Dazzle the world with light by opposing with your tongue (Andrew Bonar & John Calvin)

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Puritan Board Senior
I would appreciate thoughts on the following regarding when to speak out and when to hold our tongue.

I recently finished reading Andrew Bonar’s commentary on Leviticus. In regards to 24:1-4 and the priest setting the lamps in order daily, Reverend Bonar asserts that
this represents Christ causing his people daily to receive and give forth light and life. In the midst of a dark world, believers are set up as lights
and he references Philippians 2:14 and Matthew 5:16. He continues,
They should be as the Baptist, "burning and shining lights." They should be representatives of Christ himself, who "shone as the light in darkness."

He proceeds to explain seven ways believers must shine:

1. Not by natural gifts, but by grace
2. Clearly
3. Constantly
4. Calmly
5. In the face of the world
6. So as to show the golden table and the golden altar
7. As if you alone were responsible for the enlightening of the dark world

In particular to number five, Reverend Bonar comments (emphasis is mine),
“Cast your light fair on the world's sins, that they may see them. Point out their ungodliness, their lawlessness, their unbelief. Reprove their acts of Sabbath profanation. Check them when they swear in your presence. Bear your testimony where the truth is denied in your presence. Never be afraid of dazzling the world with too much light; but plainly show them that they are wholly sinful, wholly ruined, wholly helpless; arid speak of a present, immediate, free, full pardon in the Saviour.”

To be lights of the world, are we commanded to speak up against all sins as we encounter them? I do not hear preachers speak like this these days. I find it interesting that of all examples Rev. Bonar uses “Sabbath profanation." I notice in my own church through various conversations many who do not keep the Sabbath according to the scriptures and our confession. I hold my tongue and assume they must take an exception to the Reformed view on the matter. Should I heed Rev. Bonar and reprove their acts of Sabbath profanation? When my unbelieving neighbor is working on his lawn or house on Sunday, must I let my light shine and reprove him? What are your thoughts on Andrew Bonar’s charge to Christ’s sheep?

I just came across the following passage today in Calvin’s commentary on Christ driving out the den of robbers from the temple in Matthew 21:10-22, Mark 11:11-24, and Luke 19: 39-48. He also asserts that believers should speak up (emphasis is mine):

And yet there is no reason to doubt that he declared himself to be both King and High Priest, who presided over the temple and the worship of God. This ought to be observed, lest any private individual should think himself entitled to act in the same manner. That zeal, indeed, by which Christ was animated to do this, ought to be held in common by all the godly; but lest any one, under the pretense of imitation, should rush forward without authority, we ought to see what our calling demands, and how far we may proceed according to the commandment of God. If the Church of God have contracted any pollutions, all the children of God ought to burn with grief; but as God has not put arms into the hands of all, let private individuals groan, till God bring the remedy. I do acknowledge that they are worse than stupid who are not displeased at the pollution of the temple of God, and that it is not enough for them to be inwardly distressed, if they do not avoid the contagion, and testify with their mouth, whenever an opportunity presents itself, that they desire to see a change for the better. But let those who do not possess public authority oppose by their tongue, which they have at liberty, those vices which they cannot remedy with their hands.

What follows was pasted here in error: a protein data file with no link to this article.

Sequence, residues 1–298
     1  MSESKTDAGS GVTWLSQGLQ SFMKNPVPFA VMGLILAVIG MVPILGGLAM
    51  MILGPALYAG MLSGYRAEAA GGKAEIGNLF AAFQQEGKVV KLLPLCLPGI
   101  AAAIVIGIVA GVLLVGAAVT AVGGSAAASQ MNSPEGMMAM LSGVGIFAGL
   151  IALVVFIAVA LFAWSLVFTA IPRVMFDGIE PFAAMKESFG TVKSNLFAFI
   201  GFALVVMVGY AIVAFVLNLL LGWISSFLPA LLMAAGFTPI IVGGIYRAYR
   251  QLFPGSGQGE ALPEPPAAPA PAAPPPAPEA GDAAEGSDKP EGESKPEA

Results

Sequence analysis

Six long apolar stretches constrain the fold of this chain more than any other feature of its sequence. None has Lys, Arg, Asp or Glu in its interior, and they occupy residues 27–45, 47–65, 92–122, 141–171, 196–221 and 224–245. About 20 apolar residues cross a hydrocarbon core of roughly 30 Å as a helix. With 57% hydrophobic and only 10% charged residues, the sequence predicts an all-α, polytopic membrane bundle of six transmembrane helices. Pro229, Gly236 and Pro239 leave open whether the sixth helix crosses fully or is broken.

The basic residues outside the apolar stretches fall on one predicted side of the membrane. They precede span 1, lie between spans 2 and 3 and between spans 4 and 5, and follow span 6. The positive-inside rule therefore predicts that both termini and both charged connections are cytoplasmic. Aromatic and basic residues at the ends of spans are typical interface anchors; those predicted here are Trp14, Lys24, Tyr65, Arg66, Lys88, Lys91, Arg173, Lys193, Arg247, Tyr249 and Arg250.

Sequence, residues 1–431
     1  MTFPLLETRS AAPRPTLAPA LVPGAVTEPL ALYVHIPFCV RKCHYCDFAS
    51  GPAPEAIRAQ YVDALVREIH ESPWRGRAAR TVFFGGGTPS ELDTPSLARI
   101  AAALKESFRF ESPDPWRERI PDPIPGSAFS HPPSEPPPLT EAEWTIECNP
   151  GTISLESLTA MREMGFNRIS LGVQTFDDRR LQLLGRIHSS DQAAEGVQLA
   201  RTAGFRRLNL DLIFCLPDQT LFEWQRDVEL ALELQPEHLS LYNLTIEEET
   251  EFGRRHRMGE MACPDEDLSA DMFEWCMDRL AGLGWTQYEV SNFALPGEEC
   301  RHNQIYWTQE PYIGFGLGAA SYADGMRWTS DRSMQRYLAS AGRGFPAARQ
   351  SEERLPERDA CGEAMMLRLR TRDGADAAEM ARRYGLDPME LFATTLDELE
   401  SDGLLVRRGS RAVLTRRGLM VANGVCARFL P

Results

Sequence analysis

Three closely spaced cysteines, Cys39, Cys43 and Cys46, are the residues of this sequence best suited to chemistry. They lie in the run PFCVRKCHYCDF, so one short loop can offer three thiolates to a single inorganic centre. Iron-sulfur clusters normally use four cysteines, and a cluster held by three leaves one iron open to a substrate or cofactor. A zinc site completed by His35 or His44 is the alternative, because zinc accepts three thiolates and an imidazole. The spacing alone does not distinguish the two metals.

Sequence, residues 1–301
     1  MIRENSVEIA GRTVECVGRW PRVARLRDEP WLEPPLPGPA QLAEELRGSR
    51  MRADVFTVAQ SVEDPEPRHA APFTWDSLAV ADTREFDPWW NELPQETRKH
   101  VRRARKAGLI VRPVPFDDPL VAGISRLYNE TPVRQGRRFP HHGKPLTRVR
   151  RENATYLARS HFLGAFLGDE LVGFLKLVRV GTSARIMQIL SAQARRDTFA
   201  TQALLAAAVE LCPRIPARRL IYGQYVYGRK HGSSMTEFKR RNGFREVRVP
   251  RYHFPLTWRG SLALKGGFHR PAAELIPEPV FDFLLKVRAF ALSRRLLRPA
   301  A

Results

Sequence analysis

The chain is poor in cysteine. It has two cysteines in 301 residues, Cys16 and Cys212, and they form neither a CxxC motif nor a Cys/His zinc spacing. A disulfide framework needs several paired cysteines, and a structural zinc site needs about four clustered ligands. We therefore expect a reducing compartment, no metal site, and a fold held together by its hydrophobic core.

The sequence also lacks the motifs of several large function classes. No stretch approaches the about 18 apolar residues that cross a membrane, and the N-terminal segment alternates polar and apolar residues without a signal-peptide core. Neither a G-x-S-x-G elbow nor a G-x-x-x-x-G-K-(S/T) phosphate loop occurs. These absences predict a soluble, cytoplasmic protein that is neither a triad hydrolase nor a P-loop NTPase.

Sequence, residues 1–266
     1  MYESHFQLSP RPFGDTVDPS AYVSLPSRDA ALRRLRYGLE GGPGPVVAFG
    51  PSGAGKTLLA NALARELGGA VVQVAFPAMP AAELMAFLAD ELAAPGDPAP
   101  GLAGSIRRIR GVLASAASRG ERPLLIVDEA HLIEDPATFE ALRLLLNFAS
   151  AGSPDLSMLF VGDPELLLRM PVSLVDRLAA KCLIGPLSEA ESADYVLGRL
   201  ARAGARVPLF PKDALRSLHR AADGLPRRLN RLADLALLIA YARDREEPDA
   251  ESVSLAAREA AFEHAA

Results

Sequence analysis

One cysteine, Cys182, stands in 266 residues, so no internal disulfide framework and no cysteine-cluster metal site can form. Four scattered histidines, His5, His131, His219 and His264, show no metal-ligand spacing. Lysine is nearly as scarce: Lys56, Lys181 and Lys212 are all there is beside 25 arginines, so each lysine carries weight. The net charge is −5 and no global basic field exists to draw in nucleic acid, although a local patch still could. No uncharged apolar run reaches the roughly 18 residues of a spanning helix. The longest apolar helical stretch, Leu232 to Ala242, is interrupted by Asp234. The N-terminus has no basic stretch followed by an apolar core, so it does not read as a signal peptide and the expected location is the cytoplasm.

Puritan Board Senior
In thinking about this and discussing it with my bride, being lights in such a way would surely cause the world to hate you.

Some more scriptures to consider:

Matthew 10:33-35:

33But whosoever shall deny me before men, him will I also deny before my Father which is in heaven.

34Think not that I am come to send peace on earth: I came not to send peace, but a sword.

35For I am come to set a man at variance against his father, and the daughter against her mother, and the daughter in law against her mother in law.​

Matthew 7:1-6

1Judge not, that ye be not judged.

2For with what judgment ye judge, ye shall be judged: and with what measure ye mete, it shall be measured to you again.

3And why beholdest thou the mote that is in thy brother's eye, but considerest not the beam that is in thine own eye?

4Or how wilt thou say to thy brother, Let me pull out the mote out of thine eye; and, behold, a beam is in thine own eye?

5Thou hypocrite, first cast out the beam out of thine own eye; and then shalt thou see clearly to cast out the mote out of thy brother's eye.

6Give not that which is holy unto the dogs, neither cast ye your pearls before swine, lest they trample them under their feet, and turn again and rend you.​
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